I reviewed a book by Mario Livio called "The Equation that Couldn't Be Solved," and gave it 5 stars. After reading this book, I almost want to go back and lower my rating of Livio's book, but of course, I shouldn't do that just because a better book has come out since. Livio's book concentrates on a shorter timespan than this, but both feature the same things -- mathematicians' attempts to solve equations of higher and higher degrees, from quadratics to cubics to quartics, and failure to find a solution to the quintic, only to find (due to the work of Abel and Galois) that it couldn't be done; and Galois' invention of group theory to make his proof, followed by other mathematicians' revelation that group theory is just what the doctor ordered to explain symmetry.

Stewart's book goes further back in time than Livio's, and also devotes more space to the modern uses of symmetry in physics. So it puts everything in more context. And, simply put, Stewart is a captivating writer. I enjoyed Livio's book, but I could hardly put down Stewart's. This book gets a high 5-star rating from me.

But it IS a book for the non-specialist. It isn't a course in group theory, or the Galois theory of equations; it is an attempt to give a non-mathematician some idea of these subjects. It should not be rated on a set of criteria that ignore what Stewart was trying to do. The negative comments really are unjustified; but yes, I'll warn you away from this if you expect it to teach you all the group theory you'll need to do particle physics, or crystallography, or any of the subjects that depend on group theoretic concepts of symmetry these days.
19 of 19 people found the following review helpful
5.0 out of 5 stars Keats may have been right all along May 5 2007
By viktor_57 - Published on Amazon.com
Format:Hardcover
I have always enjoyed Professor Ian Stewart's works for general audiences, including "Letters to a Young Mathematician" and "Flatterland", among others. In "Why Beauty Is Truth: A History of Symmetry", Stewart continues to explain seemingly esoteric and difficult mathematical topics with a clarity and humanity that illuminate not only the topics themselves, but also the people who developed them and the importance of their work to us in the present day.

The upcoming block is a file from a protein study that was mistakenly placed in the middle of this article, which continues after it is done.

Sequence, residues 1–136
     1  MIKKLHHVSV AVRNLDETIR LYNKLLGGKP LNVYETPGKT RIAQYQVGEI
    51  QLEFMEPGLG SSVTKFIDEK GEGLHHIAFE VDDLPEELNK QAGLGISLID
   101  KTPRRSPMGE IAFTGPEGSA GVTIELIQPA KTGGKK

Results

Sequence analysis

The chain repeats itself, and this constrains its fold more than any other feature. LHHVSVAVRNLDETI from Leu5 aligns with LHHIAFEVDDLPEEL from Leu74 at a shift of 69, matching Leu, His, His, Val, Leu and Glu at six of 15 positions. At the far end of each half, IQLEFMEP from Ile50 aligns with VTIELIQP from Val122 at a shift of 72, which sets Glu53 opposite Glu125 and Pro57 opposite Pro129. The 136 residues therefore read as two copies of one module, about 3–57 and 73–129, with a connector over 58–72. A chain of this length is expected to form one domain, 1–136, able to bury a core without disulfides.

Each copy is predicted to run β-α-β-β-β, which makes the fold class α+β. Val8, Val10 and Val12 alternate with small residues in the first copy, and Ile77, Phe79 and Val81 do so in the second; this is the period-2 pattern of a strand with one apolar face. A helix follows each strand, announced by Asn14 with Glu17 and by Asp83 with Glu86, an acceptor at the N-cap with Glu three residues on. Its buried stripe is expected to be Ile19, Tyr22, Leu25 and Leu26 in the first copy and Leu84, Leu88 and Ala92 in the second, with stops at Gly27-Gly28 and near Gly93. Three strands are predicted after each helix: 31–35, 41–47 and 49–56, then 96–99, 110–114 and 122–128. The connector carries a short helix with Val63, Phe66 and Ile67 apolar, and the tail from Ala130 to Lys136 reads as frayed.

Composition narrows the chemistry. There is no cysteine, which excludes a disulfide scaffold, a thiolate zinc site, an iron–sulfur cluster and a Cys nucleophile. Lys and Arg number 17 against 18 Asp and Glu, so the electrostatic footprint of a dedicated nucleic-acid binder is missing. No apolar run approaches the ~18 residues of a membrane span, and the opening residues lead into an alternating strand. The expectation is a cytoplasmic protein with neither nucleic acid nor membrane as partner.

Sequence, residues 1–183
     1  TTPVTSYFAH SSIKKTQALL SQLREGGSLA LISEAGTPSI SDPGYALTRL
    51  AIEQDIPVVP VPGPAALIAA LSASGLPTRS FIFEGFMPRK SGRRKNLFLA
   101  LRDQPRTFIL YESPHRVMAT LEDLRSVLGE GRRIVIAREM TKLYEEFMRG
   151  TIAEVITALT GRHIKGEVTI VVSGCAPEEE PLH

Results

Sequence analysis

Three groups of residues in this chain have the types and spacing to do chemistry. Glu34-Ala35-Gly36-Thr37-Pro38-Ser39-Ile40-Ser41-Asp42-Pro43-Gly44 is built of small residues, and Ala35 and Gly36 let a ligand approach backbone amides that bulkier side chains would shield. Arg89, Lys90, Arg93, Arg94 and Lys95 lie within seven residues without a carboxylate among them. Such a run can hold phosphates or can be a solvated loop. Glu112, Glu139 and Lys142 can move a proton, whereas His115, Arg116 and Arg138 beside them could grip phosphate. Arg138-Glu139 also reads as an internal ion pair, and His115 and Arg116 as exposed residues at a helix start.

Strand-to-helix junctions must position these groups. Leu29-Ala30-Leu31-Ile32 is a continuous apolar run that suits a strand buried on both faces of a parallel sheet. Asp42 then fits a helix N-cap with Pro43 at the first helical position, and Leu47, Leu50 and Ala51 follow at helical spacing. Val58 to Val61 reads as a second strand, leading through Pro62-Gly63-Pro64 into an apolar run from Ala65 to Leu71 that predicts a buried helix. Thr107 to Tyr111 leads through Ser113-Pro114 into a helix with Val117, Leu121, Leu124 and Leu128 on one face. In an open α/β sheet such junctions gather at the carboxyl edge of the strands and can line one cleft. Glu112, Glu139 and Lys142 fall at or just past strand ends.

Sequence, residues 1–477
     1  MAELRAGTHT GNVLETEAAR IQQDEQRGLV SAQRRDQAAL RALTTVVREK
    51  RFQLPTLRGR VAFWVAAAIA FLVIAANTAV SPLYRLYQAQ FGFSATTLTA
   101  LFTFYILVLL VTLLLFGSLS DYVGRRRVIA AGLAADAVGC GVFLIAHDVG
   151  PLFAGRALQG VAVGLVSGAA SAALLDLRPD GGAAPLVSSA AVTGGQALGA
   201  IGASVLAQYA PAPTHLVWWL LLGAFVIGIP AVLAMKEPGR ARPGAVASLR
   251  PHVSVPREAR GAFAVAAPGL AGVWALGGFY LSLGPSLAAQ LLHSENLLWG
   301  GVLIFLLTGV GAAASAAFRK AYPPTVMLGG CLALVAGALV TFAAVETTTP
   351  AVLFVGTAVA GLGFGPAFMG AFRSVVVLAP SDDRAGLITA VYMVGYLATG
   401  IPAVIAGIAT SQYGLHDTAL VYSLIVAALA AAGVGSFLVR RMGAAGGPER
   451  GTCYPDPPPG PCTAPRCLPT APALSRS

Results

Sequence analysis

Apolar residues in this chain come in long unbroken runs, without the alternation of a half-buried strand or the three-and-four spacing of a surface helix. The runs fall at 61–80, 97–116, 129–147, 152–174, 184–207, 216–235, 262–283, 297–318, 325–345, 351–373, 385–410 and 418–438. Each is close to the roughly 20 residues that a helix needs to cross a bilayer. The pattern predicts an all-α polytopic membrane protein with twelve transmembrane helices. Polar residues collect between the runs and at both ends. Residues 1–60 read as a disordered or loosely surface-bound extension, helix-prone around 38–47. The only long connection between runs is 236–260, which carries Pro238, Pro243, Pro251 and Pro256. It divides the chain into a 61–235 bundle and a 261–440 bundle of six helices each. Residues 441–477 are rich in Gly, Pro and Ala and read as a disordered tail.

In his latest book, "Why Beauty Is Truth", Stewart recounts the history of a concept most of us understand intuitively, symmetry, by describing the lives of people who made important contributions to the mathematics of this seemingly simply concept which turned out to have extraordinary implications. From the development of ancient number systems and algebra to the discovery of Lie groups, Stewart explains the mathematics and concepts in an intuitive way, sprinkling in equations when necessary, but mostly relying on his ability to imagine how a non-mathematician might best understand even the most abstract concepts, whether by example, metaphor, or even some fictional drama.

Stewart is the rare mathematician who seems equally at home with the technical aspects of his subject and its history, including the biographies of those who made important contributions. Stewart is also a fine writer and enthusiastic popularizer, showing how the development of symmetry from the beginnings of counting has led to some of the most important developments in physics, including general relativity and string theory. Math and physics enthusiasts will undoubtedly enjoy "Why Beauty Is Truth", as will the curious lay reader who enjoys new discoveries and lively, engaging and intelligent writing.
17 of 18 people found the following review helpful
4.0 out of 5 stars Very biographical May 16 2007
By J. Jenkins - Published on Amazon.com
Format:Hardcover|Verified Purchase